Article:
Saturday, November 12, 2011

To Our Vets: Thanks (aka Gracias, Merci, Shokran, Kamsahamnida, A Sheynem Dank, etc) // VIDEO

Maryland Juice apologizes for the belated Veterans Day article. Hat tip to Coffee Party organizer (and MoCo resident) Annabel Park for sending the following Huffington Post/AOL series through the e-grapevine. The video below kicks off a 10-part HuffPo series on Veterans in America:
"Beyond the Battlefield" is a 10-part series exploring the challenges that severely wounded veterans of Iraq and Afghanistan face after they return home, as well as what those struggles mean for those close to them.

The rest of the series is well-worth reading, so I've posted the links below:

Part 1: How Pride And Love Helped Tyler Southern Overcome The Wounds Of War
Part 2: With Better Technology And Training, Medics Saving More Lives
Part 3: Lack Of Long-Term Care Can Lead To Tragic Ends For Wounded Veterans
Part 4: Military Turning To Wounded Vets' Families As Key Part Of Healing Process
Part 5: As Wounded Veterans Struggle To Recover, Caregivers Share The Pain
Part 6: New Hope, But A Long And Painful Road, For Veterans Pulled From Death's Grasp
Part 7: Back Home, Severely Wounded Veterans Wish More Would Ask, Not Just Stare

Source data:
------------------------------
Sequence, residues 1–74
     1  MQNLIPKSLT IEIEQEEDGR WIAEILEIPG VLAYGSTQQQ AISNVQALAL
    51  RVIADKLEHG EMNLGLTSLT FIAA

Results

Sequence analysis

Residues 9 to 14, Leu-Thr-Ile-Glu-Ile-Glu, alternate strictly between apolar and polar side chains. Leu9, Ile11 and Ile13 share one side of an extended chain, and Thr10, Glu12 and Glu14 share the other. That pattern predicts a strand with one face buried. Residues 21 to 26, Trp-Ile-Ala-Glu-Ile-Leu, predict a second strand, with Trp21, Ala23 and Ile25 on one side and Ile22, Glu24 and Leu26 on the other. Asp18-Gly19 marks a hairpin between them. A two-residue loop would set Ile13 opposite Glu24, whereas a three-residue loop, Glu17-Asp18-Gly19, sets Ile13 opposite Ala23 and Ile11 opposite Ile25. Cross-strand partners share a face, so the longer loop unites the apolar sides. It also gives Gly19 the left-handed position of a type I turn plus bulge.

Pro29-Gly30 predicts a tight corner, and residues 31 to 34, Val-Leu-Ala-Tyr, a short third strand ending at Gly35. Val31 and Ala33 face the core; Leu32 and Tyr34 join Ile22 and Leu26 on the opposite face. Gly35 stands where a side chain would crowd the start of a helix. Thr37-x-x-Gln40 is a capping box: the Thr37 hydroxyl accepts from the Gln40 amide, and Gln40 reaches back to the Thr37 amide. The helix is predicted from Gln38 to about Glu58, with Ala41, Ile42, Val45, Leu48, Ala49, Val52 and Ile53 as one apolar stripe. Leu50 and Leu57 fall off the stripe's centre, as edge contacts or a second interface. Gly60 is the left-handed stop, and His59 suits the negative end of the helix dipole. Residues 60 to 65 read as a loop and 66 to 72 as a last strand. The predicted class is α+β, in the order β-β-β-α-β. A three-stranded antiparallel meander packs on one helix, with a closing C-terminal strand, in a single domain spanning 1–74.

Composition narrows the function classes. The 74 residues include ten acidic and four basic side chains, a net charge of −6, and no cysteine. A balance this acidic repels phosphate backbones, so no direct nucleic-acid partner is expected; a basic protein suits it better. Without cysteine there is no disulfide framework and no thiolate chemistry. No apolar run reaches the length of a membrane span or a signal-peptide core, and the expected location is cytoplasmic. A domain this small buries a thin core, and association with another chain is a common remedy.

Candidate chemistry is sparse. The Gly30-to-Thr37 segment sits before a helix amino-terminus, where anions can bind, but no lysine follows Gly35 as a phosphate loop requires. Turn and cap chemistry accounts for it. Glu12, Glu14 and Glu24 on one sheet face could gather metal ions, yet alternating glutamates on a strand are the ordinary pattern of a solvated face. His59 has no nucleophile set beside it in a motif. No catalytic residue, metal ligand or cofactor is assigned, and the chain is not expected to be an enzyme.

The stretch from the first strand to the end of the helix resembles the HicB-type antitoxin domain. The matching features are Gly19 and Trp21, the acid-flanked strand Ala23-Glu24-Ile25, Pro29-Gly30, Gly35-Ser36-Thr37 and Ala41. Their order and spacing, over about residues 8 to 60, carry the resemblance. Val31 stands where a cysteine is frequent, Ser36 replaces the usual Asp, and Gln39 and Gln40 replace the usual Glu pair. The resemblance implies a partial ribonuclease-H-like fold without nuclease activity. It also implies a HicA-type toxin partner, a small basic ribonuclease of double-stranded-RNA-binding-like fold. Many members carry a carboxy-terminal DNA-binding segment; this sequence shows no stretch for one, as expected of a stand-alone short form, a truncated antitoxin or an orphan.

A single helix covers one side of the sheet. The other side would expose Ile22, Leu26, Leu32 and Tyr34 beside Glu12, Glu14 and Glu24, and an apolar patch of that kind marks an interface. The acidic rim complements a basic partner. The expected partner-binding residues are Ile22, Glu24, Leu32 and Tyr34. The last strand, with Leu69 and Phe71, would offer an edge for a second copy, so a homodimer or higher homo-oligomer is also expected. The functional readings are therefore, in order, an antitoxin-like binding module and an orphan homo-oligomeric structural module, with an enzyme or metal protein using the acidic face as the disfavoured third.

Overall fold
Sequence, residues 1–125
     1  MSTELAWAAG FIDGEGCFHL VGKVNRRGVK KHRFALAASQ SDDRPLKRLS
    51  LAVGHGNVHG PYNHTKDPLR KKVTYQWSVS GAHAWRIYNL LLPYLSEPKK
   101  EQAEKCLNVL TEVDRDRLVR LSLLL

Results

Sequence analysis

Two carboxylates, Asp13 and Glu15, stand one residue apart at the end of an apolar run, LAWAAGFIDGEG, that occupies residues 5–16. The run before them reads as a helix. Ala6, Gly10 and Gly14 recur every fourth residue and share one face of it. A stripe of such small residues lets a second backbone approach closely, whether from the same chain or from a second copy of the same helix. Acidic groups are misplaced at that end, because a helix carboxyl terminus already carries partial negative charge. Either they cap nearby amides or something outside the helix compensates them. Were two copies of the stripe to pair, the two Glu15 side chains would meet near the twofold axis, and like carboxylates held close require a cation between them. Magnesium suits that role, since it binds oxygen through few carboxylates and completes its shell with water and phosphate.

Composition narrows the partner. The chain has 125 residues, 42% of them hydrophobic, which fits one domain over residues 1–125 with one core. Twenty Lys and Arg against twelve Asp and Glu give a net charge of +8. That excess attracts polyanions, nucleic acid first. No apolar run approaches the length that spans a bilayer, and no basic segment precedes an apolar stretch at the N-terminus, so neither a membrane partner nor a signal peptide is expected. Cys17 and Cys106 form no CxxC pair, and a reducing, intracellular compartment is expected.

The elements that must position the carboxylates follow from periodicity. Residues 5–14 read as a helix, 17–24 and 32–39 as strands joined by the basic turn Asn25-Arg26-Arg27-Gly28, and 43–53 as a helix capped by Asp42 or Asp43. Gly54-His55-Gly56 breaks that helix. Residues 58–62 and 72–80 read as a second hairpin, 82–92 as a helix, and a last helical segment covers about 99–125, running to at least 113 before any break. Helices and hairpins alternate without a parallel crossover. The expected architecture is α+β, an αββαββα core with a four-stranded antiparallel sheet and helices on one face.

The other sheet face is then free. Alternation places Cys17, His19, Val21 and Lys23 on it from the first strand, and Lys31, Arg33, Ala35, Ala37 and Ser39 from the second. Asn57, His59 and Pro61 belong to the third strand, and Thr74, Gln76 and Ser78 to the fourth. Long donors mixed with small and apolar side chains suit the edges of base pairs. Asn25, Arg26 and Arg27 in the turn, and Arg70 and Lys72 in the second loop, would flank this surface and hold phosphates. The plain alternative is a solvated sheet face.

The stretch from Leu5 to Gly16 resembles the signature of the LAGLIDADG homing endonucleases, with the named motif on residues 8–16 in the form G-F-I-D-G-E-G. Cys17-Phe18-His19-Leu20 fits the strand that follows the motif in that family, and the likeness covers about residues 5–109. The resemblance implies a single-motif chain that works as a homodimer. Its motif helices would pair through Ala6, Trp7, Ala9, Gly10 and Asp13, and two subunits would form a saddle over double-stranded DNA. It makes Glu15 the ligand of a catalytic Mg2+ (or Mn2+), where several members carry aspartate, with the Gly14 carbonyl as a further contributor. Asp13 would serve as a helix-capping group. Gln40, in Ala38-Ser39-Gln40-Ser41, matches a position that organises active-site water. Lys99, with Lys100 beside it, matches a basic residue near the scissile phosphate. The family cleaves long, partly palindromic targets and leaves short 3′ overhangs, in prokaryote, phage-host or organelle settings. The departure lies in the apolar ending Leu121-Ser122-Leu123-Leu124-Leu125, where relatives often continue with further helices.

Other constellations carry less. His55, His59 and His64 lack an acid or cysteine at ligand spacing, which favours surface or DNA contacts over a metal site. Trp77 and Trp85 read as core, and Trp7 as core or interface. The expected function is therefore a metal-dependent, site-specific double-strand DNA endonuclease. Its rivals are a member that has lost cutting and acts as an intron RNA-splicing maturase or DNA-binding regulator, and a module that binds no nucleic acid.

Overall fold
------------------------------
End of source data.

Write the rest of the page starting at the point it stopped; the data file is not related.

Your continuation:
Part 8: Unprepared For Wave Of Severely Wounded, Bureaucracy Still Catching Up
Part 9: As Veterans Fight For Needed Care, Long-Term Funding Remains A Question Mark
Part 10: Saved From The Brink Of Death, Veteran Keeps Chasing His Dreams
Part 00: A Reporter's Reflections On The Plight Of Severely Wounded Veterans

I also thought it was worth mentioning that the human cost of these two wars is a shared sacrifice among all Americans (and even among some undocumented residents - surprise, surprise):

And of course, the biggest thing to remember is that despite the shared racial and ethnic sacrifices during the course of these two wars, the cost has been disproportionately borne by young people. The single largest category of fatalities is from young servicemembers.  Indeed, 1,690 of the 6,193 fatalities (over 27%) thus far have been from enlistees under age 22.

P.S. A quick word of clarification to those in older generations. Lately some politicos have griped about a couple issues Maryland Juice has recently written about. Some quickly point to the perjorative portrayal of protesters in the 60's and wonder if this blog should consider a quieter tone. But I think it is important to avoid making surface parallels between different eras. The truth about progressive activism today is that though younger demographics around the world are driving changes, many (if not most) young people appear to still believe in the roles of both capitalism/markets and regulation and are super-respectful of our servicemembers and their sacrifices. This is youth activism 3.0, folks -- and it is not grounded in faint memories of the Cold War or the Vietnam War era.

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